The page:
WINSTON-SALEM, N.C.ÛÓVikram Akula, founder and chief executive officer of SKS Microfinance of India and one of Time magazineÛªs 100 most influential people in 2006, will speak on the purpose and profitability of microfinance at Wake Forest UniversityÛªs Babcock School of Management at 6 p.m. Sept. 6.
The event, which is free and open to the public, is the first lecture of the 2007-2008 Babcock Leadership Series and will be held in Room 1312 of the Worrell Professional Center at the Winston-Salem campus of Wake Forest.
Akula is known for using microfinance principles in India to spur economic development by providing small business loans, as little as $20, among poor women in remote villages.
The possibility of encouraging similar economic development in the Winston-Salem area is what prompted Ajay Patel, dean of the Babcock Graduate School of Management, and Patrick McMullen, associate professor of management, to invite Akula to Wake Forest.
ÛÏWhy canÛªt we do something like this in our own back yard? Is there learning we can take out of all this and apply in our own communities?Û Patel said.
Patel also sees microfinance as a concept that Babcock students need to understand to gain new perspectives on traditional financial issues. ÛÏVikram has the ability to show business and entrepreneurial students that they can combine their education with a social conscience to go beyond profits to try to improve their communities,Û Patel said.
McMullen, who was among a group of faculty members that took a group of Babcock students to India in May, saw the positive impact that SKS Microfinance loans had on the remote village of Channapatna, near Bangalore. ÛÏUntil Muhammad Yunus won the Nobel Peace Prize last October, I thought that microfinance was purely financial. I didnÛªt realize it was also a social issue,Û McMullen said. ÛÏBy giving mothers a sustainable vocation, their kids are going to school instead of foraging or begging for food, and literacy is improving. When this is done, the standard of living increases, and thatÛªs good for everyone.Û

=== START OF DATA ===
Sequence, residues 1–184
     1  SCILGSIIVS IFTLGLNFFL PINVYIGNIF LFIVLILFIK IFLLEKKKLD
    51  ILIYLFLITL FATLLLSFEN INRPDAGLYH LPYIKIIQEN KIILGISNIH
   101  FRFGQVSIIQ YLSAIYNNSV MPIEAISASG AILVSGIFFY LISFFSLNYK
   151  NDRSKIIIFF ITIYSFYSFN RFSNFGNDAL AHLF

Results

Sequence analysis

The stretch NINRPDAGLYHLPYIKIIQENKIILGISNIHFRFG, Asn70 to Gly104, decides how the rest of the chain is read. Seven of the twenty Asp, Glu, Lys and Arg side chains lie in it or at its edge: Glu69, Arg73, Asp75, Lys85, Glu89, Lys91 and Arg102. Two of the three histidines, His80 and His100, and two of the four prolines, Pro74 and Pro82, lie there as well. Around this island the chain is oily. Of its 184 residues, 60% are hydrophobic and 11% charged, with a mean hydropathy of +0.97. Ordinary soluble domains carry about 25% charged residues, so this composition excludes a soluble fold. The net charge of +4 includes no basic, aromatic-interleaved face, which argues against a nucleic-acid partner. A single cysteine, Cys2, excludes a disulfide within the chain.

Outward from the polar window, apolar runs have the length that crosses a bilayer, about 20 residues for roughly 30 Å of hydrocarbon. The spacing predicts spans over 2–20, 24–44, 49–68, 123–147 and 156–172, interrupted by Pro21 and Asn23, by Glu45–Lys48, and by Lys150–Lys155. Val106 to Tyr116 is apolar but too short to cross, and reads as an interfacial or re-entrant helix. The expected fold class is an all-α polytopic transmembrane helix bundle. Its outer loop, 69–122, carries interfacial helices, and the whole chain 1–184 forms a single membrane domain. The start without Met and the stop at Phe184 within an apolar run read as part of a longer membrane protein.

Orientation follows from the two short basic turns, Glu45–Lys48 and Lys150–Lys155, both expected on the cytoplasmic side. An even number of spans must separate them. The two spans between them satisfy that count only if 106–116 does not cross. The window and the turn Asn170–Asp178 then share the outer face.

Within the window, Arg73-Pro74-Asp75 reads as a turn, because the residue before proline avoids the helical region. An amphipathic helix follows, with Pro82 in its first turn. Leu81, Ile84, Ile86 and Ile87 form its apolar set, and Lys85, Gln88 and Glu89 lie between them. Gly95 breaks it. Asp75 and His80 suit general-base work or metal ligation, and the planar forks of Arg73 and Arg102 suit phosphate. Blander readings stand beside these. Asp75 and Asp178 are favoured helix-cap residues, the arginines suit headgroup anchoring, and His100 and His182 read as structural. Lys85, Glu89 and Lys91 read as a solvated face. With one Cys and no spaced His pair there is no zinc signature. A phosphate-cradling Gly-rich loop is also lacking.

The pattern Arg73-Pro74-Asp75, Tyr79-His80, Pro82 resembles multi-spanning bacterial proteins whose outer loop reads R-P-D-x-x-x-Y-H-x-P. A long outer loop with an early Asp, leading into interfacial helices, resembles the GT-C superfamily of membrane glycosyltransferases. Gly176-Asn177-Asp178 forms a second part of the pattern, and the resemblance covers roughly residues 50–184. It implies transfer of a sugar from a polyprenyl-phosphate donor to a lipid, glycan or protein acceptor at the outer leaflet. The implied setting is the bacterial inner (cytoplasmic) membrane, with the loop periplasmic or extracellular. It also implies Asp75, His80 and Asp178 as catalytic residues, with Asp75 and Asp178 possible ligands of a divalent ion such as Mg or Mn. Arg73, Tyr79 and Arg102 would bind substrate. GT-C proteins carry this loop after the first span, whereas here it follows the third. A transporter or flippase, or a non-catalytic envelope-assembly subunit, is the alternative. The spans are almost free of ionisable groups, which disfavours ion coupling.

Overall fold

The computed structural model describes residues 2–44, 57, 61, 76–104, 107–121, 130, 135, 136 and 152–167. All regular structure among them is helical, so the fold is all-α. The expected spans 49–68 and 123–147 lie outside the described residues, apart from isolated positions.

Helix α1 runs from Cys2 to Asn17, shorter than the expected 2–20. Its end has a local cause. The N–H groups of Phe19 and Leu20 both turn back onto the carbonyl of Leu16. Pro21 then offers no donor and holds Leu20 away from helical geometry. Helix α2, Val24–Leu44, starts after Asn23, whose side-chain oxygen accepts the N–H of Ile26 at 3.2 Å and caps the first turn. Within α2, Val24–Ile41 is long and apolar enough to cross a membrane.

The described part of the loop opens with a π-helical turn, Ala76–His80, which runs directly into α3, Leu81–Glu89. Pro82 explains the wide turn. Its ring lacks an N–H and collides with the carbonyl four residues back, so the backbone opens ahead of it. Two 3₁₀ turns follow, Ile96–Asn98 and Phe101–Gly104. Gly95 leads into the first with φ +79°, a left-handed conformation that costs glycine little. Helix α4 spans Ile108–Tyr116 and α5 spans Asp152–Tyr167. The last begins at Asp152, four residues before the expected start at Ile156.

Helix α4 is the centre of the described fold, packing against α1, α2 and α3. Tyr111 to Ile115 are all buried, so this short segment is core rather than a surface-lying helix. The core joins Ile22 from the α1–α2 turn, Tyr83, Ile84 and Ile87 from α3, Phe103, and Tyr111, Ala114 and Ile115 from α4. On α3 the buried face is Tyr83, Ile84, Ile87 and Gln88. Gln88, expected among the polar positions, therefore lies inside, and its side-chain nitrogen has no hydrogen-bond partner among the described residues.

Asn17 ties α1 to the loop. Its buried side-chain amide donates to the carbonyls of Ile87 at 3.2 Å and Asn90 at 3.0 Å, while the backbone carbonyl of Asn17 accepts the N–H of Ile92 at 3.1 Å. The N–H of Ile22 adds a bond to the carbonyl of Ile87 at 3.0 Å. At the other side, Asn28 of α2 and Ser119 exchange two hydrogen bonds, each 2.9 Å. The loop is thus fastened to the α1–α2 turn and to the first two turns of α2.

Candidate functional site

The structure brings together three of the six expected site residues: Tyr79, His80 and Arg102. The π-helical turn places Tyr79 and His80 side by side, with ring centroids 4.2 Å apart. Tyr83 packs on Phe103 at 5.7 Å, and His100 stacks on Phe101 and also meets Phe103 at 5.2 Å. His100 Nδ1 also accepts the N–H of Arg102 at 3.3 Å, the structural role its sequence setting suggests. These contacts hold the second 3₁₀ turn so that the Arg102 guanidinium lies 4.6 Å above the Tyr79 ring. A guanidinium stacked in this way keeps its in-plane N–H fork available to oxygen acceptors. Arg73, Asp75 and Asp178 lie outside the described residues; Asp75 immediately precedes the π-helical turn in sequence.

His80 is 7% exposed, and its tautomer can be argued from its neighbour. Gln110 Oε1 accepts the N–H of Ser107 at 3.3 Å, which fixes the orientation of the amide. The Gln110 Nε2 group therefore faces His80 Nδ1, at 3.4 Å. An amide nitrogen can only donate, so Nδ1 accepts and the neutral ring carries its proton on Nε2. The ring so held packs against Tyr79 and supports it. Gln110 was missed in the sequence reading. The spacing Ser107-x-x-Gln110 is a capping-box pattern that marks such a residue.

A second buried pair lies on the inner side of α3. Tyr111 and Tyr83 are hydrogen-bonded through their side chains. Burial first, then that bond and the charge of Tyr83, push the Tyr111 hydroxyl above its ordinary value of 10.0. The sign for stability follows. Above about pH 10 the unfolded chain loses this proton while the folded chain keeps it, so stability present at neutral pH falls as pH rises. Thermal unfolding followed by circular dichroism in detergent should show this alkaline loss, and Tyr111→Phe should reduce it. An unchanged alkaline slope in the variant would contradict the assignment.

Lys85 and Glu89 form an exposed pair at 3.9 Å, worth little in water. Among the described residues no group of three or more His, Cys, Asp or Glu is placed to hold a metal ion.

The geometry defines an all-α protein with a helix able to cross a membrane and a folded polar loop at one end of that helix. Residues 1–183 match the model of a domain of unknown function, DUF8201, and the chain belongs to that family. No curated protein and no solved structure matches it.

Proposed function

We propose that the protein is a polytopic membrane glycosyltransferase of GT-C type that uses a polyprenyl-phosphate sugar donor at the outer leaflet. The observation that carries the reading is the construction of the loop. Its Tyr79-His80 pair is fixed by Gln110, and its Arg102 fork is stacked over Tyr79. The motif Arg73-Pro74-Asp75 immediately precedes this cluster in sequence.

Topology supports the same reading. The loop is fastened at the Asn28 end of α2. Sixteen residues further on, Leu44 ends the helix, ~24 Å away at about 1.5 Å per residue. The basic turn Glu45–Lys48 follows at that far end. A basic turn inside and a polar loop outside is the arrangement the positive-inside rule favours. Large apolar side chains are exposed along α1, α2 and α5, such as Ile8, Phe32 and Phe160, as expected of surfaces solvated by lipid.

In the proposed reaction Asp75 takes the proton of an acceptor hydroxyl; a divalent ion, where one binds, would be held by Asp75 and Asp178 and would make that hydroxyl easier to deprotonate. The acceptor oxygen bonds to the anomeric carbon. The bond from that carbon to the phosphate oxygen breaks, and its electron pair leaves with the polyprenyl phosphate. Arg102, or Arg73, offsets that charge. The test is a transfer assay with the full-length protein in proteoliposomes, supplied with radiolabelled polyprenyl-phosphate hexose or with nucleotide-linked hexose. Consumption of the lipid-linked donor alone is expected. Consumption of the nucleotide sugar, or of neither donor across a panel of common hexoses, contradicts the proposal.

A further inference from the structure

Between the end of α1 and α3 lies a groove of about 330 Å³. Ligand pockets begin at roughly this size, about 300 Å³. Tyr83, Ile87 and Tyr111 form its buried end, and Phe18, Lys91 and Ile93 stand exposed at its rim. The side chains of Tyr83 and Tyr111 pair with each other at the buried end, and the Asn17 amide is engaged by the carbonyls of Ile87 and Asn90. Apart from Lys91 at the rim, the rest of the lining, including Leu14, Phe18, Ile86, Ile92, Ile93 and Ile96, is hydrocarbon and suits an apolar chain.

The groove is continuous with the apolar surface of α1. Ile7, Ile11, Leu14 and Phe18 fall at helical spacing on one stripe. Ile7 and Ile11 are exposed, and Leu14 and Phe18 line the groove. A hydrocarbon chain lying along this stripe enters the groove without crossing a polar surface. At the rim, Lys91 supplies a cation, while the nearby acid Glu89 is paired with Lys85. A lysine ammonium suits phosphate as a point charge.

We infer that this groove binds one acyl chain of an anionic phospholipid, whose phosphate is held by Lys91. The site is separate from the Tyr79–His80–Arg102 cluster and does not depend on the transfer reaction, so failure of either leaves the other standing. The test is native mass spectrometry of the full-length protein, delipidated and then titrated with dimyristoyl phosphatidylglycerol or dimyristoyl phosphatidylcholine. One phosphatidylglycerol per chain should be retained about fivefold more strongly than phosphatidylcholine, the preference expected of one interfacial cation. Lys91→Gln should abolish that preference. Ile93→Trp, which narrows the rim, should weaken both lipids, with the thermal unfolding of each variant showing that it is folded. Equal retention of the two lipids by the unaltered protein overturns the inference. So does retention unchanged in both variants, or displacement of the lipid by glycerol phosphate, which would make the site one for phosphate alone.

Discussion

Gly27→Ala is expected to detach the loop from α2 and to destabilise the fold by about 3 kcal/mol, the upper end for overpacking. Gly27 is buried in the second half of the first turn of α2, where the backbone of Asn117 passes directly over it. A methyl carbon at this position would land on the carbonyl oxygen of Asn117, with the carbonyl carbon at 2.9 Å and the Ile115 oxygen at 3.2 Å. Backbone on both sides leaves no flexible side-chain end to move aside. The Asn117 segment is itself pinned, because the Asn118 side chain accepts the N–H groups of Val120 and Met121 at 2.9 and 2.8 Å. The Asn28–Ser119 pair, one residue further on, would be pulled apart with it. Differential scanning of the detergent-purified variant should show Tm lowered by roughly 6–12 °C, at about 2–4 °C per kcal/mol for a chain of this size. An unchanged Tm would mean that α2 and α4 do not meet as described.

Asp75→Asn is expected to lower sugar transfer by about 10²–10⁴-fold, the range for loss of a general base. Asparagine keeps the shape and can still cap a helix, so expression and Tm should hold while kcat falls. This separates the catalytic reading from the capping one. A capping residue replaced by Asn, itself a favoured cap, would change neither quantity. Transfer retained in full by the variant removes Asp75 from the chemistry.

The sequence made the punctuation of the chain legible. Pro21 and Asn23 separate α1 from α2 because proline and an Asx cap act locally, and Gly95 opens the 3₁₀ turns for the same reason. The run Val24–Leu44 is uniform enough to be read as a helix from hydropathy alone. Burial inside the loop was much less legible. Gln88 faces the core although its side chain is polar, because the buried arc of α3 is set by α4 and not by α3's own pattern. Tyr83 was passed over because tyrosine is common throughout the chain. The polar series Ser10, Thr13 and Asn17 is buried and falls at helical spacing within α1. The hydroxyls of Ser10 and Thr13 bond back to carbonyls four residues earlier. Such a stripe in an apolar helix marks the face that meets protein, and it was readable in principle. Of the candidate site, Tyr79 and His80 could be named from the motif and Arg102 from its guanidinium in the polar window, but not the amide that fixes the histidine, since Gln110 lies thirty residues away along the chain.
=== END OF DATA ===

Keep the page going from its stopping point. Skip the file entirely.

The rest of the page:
Akula started SKS in 1998 in response to microfinanceÛªs inability to scale to large numbers. Since then, SKS has provided nearly $240 million in loans and life insurance to more than 900,000 poor women in 16,000 villages and slums of India while maintaining a 99 percent repayment rate.
With a growth rate of 170 percent ÛÒ one of the fastest in the industry ÛÒ SKS adds 50 new branches and 85,000 new customers each month. The results have attracted major equity investments from premier venture capitalists such as Vinod Khosla, co-founder of Sun Microsystems, and Ravi Reddy, co-founder of Think Systems.
The companyÛªs approach to dispensing loans on smart cards has also caught the attention of Visa International, which has provided SKS with cell phone-based card readers.
The Babcock Leadership Series, which is organized by Wake Forest MBA students, focuses on current issues affecting business.